National Theatre and Nova Scena Two Eye Catchers
The National Theatre (Narodni divadlo) and the New Stage (Nove Scena) are two eye catchers on Narodni Avenue. The contrast between the theatre and the adjacent Nova Scena could not be greater: Neo-Renaissance concept of a classic building side by side with communist architecture. Narodni Trida leads from Prikope Street and Wenceslas Square to the Vltava River. Narodni is a shopping street with a variety of shops and imposing public buildings: Adria Palace and imitation Venetian palace and the former Prague Insurance Building with the letters PRAHA interlaced in five circular windows.
No greater contrast than a classic neo-renaissance building next to Brutalistist architecture: the National Theatre next to Nova Scena.
National Theatre: the Beginning
The National Theatre is the most famous and probably the most beautiful theatre in Prague. It stages opera, ballet and drama performances. The first stone was laid in 1868 and finally the theatre opened on 11 June 1881 with a performance of Smetana’s opera Libuse, especially written and composed for the occasion. She was a princess and the legendary founder of Prague. Eleven performances followed and the theatre was closed down temporarily to finish the building.
During construction works a devastating fire broke out and most of the building was destroyed. On 18 November 1883, the theatre was opened, again with the performance of Libuse. The first (and so far the last) restoration started in 1977. The theatre reopened in 18 November 1983, on the 100th anniversary of its second opening, and again the opera Libuse was performed.
This opera is still on the repertoire and performed every year on 28 October, the national holiday celebrating Czech Independence Day. On the lowest level of the theatre, there is a room with a scale model and photos showing the devastating fire.
National Theatre: the exterior
The national theatre stands on the Vltava River. The striking cerulean jewel-box roof is decorated with stars symbolizes the top for which each artist strives. Above the entrance porch is a loggia with Corinthian columns and the statues of Apollo and the nine muses. The front of the building is flanked by two staircase pylons each with a three-horse chariot and Nike, the Goddess of Victory on top of them. On ground level, five arches lead to the main entrance.
National Theatre Opulent Interior
The gold and crimson interior of the theatre, lined with balconies, carries an air of elegance. The main foyer showcases a sophisticated ceiling with paintings of allegorical figures. Bronze statues along the walls. The auditorium has a painted ceiling showing ten female allegories. The presidential opera box, the former royal opera box, is decorated with famous Czechs from the past. The stage screen features a painted scene from Czech history. The auditorium is U-shaped with balconies and galleries. The orchestra pit can hold a symphony orchestra and the stage is impressively large.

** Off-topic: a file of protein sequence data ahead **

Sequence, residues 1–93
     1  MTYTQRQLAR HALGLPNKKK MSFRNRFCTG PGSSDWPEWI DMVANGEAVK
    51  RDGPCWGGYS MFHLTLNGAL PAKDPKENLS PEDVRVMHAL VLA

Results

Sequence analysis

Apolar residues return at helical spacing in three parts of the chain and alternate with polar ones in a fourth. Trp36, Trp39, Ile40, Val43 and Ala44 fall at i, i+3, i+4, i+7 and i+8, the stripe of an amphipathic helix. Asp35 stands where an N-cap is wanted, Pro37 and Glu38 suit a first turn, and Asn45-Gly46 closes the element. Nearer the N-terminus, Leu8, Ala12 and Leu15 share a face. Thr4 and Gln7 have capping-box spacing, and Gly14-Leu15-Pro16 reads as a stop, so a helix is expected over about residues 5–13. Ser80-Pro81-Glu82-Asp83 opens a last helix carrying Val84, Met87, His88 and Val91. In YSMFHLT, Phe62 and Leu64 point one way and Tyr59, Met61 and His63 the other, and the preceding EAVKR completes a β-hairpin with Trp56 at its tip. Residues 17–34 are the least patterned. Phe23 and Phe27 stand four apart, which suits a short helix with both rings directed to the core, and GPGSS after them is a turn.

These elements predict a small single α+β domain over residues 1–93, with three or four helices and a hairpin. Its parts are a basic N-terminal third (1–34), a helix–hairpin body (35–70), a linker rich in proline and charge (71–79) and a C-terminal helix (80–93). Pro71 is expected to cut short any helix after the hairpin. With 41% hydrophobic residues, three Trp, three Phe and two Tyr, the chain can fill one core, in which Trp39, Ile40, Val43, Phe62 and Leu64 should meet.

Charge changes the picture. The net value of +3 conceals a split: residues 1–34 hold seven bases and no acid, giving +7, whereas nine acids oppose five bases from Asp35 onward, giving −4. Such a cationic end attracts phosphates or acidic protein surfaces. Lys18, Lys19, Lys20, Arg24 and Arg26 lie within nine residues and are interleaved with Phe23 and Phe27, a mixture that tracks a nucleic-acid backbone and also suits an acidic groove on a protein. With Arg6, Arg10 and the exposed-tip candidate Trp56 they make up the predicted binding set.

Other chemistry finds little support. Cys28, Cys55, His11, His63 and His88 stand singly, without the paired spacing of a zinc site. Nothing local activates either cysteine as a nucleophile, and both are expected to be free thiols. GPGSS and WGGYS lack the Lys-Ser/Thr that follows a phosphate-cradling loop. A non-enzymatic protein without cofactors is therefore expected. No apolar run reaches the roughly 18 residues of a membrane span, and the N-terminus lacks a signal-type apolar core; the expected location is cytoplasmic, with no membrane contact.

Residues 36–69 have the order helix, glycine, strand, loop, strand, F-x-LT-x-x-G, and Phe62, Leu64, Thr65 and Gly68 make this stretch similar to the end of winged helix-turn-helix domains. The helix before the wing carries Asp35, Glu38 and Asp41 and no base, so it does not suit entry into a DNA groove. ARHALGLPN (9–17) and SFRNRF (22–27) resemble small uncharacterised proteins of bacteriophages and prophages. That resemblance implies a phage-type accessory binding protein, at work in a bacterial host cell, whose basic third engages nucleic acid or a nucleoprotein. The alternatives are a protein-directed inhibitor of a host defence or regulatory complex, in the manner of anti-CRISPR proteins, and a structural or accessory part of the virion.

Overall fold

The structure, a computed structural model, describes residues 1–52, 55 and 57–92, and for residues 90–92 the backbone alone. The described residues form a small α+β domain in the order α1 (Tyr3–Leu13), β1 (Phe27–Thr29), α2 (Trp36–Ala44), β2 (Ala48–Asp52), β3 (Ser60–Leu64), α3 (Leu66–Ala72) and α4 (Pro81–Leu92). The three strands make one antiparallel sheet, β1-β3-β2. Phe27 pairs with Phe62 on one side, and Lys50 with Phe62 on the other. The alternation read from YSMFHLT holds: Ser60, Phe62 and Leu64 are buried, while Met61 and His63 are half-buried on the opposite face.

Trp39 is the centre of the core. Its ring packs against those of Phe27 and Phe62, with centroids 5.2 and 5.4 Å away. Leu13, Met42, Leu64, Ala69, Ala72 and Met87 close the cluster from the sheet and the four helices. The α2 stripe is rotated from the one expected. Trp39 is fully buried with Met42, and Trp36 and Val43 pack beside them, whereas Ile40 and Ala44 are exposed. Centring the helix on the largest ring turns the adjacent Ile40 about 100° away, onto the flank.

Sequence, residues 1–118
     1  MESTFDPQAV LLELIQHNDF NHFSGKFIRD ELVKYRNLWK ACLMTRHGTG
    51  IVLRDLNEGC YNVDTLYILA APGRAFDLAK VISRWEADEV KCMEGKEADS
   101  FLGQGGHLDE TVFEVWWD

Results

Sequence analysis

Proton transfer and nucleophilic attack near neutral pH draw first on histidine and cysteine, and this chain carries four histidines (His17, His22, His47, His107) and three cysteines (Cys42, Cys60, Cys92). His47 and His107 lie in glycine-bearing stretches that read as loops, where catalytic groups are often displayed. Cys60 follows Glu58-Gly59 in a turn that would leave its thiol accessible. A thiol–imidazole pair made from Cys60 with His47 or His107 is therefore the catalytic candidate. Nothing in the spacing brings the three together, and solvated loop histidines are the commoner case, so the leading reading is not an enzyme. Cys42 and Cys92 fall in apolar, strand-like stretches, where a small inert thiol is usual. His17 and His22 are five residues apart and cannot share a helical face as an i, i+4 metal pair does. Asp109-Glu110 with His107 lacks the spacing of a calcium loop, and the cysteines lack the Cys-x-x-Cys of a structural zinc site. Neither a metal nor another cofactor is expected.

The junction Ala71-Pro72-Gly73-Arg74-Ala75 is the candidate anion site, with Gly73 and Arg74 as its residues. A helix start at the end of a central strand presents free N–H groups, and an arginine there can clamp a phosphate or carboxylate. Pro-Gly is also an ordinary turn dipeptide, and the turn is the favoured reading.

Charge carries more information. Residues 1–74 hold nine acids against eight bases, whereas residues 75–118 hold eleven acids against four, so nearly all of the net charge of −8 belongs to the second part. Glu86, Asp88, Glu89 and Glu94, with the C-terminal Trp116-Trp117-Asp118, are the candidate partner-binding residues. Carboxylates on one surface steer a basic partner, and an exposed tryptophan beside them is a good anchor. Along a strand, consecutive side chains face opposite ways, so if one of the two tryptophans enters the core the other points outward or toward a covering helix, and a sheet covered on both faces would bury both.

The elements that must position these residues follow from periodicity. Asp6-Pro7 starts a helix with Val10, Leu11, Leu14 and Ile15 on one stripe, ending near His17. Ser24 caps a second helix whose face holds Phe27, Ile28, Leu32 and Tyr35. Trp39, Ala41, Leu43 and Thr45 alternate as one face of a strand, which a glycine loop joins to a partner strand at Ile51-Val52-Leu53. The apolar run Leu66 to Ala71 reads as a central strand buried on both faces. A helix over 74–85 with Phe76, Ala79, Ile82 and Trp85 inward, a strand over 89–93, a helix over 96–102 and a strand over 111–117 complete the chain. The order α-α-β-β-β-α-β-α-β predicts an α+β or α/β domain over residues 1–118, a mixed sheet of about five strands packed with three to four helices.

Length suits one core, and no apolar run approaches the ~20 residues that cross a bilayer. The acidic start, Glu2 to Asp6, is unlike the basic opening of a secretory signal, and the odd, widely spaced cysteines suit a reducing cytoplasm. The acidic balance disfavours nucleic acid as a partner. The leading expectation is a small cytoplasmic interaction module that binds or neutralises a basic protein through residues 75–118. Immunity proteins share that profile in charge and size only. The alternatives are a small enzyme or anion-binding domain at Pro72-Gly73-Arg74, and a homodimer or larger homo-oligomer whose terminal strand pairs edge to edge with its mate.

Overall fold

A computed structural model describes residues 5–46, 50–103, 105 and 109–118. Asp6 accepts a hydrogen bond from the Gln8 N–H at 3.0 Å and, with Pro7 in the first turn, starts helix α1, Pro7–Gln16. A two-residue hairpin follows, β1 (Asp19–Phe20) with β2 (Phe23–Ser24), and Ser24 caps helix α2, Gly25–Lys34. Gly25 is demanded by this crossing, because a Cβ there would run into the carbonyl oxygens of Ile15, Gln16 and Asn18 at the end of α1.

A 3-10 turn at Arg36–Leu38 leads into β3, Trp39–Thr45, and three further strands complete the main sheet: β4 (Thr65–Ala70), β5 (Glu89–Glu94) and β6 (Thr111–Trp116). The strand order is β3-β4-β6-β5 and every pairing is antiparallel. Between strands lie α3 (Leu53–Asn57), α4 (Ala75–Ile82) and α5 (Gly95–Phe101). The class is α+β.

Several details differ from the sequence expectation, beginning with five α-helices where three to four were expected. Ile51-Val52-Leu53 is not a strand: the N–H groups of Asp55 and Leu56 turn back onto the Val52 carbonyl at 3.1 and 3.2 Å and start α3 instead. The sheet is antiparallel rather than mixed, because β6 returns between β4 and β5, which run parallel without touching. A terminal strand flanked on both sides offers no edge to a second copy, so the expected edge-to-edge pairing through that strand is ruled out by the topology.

Nova Scena: an Eyesore?
Nova Scena is home to magic lantern shows. Laterna Magika is a refined mix of pantomime, light effects and image projection. The façade of Nova Scena is made of blown glass and consists of 4.200 separate glass blocks, each weighing about 40 kilograms. The glass wall reduces the noise nuisance from busy Národní Street, and also provides thermal insulation for the building.
An imposing chandelier hangs down from the fourth floor in the centre of the spiral staircase. The chandelier is made up of pentagonal prisms with fluorescent lighting that cast a sparkling light around it. The interior is Cuban serpentinite (often erroneously called green marble). This was a very expensive material, which Cuba supplied as payment of a debt to communist Czechoslovakia.
Constructed between 1977 and 1983, the building is a prime example of Czech Brutalist architecture but with a twist. It features all the style characteristics like repetition, geometry, massive walls and blocky appearance. Instead of exposed concrete Nova Scena is of opaque glass. The interior has original designer elements, such as stainless steel banisters and crystal lamps, giving it the unmistakable look of the 1970s.
At the time the building was quite controversial. Today, some people consider it the ugliest building in Prague together with the Zizkov television tower
Sauna and Opera
Listening to opera or ballet music can easily be combined with a visit to the Národní sauna on the top floor of the administration building of the National Theater. The sauna was built at the same time as Nová Scéna and was intended for singers, dancers and other artists employed by the National Theater so that they could relax before or after the performance.
The sauna is now open to everyone. After using the sauna, it is wonderful to relax in a lounger in the relaxation room, where from 7 pm you can listen to the music of the opera or ballet performance of that evening (which usually start at 7 o’clock). The sauna relaxation room is connected to National Theater by speakers.
Behind the Nová Scéna building is an inner courtyard and the administration building of the National Theater. The sauna is located on the top floor, open from 4 pm to 10 pm during the theater season and closed in July and August.
The National Theatre and Nova Scena are on Narodni Trida (Avenue) and located next to each other in the Nove Mesto district, close to the Vltava River and Most Legii (Legion Bridge). This bridge is a mixture of Art Nouveau and neo-Baroque styles. On the bridge are two towers which were used to collect tolls.
Metro lijn B, station Narodni Trida, tram 2,9,18,22 Narodni divadlo stop.
Photos Marianne Crone